Initially, I wanted to give this post the title MALLUS AND BONGS. Then I settled for the present one ‘cos I felt it’d invite more hits:-)
What provoked this post is an oft-repeated claim (which I heard today again) that mallus and bongs are very similar in many aspects. A couple of years back, a junior research scholar brought in this idea in her presentation at a seminar. I was sorely tempted to give my take on it during the discussion time but refrained, knowing that it was her maiden presentation, and negative reaction could dampen her spirits.
The basis for this claim is ridiculous, and is this: both people have rice for staple food, and are incurable fish eaters. The women of both states wear light coloured sari. Both states were pioneers in Marxism.
They were a few more points of similarity, which I don’t now remember, but they too were equally superficial and silly as the above mentioned ones.
My take on this is this. Mallus and bongs are as different as two people can possibly be, and neither is the looser on account of it. The two have nothing in common. Marxism in both states is the result not of similarity of the people but on account of certain cultural, political and social factors which are totally different in both states.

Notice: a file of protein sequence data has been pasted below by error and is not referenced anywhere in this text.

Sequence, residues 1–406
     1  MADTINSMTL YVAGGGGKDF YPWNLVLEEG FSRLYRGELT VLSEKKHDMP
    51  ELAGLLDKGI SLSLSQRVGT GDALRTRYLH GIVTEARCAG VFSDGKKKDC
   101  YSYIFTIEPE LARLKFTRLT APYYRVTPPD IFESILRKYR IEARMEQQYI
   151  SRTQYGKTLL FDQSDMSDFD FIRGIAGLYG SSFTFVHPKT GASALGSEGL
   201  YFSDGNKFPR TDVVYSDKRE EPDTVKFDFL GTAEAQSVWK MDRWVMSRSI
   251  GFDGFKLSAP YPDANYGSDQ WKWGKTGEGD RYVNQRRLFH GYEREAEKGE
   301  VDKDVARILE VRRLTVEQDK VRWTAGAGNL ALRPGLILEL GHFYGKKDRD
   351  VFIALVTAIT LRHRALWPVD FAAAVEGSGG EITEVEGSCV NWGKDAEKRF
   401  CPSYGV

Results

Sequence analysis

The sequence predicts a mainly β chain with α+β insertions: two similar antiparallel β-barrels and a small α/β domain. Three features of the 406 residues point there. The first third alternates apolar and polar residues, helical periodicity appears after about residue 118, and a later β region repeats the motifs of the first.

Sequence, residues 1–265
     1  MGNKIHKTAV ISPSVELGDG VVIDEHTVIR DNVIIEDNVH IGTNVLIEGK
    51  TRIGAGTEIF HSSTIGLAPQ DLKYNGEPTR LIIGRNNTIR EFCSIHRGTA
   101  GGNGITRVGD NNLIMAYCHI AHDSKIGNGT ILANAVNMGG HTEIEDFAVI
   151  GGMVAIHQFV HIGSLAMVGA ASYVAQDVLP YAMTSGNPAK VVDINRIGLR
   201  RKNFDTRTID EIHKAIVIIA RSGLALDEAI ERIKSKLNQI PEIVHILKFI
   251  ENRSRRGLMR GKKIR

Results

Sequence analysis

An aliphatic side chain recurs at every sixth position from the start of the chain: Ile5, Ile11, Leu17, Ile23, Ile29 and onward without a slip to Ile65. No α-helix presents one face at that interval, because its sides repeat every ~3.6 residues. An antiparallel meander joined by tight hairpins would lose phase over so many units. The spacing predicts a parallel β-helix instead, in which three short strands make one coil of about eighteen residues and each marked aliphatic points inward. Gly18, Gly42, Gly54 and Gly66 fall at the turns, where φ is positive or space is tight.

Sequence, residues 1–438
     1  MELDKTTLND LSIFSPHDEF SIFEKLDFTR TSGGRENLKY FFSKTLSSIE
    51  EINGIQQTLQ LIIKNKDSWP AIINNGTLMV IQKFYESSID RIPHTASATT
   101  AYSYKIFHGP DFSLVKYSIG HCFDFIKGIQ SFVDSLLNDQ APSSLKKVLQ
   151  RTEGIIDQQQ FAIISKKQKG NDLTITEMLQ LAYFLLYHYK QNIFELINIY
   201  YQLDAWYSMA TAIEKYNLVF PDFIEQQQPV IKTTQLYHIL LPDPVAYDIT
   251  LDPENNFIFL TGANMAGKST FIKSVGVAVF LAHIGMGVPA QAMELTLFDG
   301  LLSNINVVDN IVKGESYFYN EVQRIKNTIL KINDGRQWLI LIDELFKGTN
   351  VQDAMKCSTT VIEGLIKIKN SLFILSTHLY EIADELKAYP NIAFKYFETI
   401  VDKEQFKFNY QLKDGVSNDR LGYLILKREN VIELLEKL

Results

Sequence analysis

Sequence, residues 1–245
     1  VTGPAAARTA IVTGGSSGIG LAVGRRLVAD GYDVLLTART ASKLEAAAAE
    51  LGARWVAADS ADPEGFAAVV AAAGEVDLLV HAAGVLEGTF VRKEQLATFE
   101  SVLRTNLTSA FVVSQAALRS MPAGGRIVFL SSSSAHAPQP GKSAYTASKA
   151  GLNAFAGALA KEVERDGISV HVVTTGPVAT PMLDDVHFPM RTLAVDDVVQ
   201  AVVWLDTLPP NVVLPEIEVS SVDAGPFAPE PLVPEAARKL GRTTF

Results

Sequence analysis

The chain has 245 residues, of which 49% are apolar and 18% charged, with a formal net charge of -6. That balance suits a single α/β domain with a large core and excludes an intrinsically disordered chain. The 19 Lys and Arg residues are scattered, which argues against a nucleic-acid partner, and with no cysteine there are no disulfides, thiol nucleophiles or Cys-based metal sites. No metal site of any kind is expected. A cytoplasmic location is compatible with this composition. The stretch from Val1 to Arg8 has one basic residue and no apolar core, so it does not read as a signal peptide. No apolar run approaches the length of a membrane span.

But what irritates me is the sense of pride with which this claim is made by mallus. Why should mallus take pride in these so-called similarities? Cant we be happy just being ourselves? Do we need a point of reference to prove our worth?
Some time back, a rather prominent mallu media person in an English channel was asked about her mallu origins. The emphasis with which she stated that her connection with Kerala is minimal as she was born and brought up elsewhere made me want to throw a rotten tomato at her.
What is so shameful about Kerala that we should be so ashamed of our roots? I find this common among mallus who grew up or live outside the state. I wonder if this is on account of them being trapped in the stereotypical images of kerala and its people that have been doing the rounds in the country for a long time.
In this context, I am reminded of that national integration video that was made in 1986 (or ’87 – I’m not sure), and played in doordarshan over and over again. All the states were represented by people or milieu that reflected development or sophistication of those states. When Kerala’s turn came, it was a lungi (only) clad mahout sitting on an elephant singing entey swaravum, ningaludey swaravum - - - - -. It used to make me immensely angry that this was the official image of kerala that was being propagated. Bengal was represented by a coated and booted Arun lal and some other celebrities in starched or raw silk kurtha stepping elegantly out of electric train in slow motion. In contrast, the mallu is projected as evolutionary dropout, not having progressed beyond the half naked phase and the pachydermal mode of transportation.
I think, as a people, we Keralites have a lot to be proud of. Let no one convince us otherwise.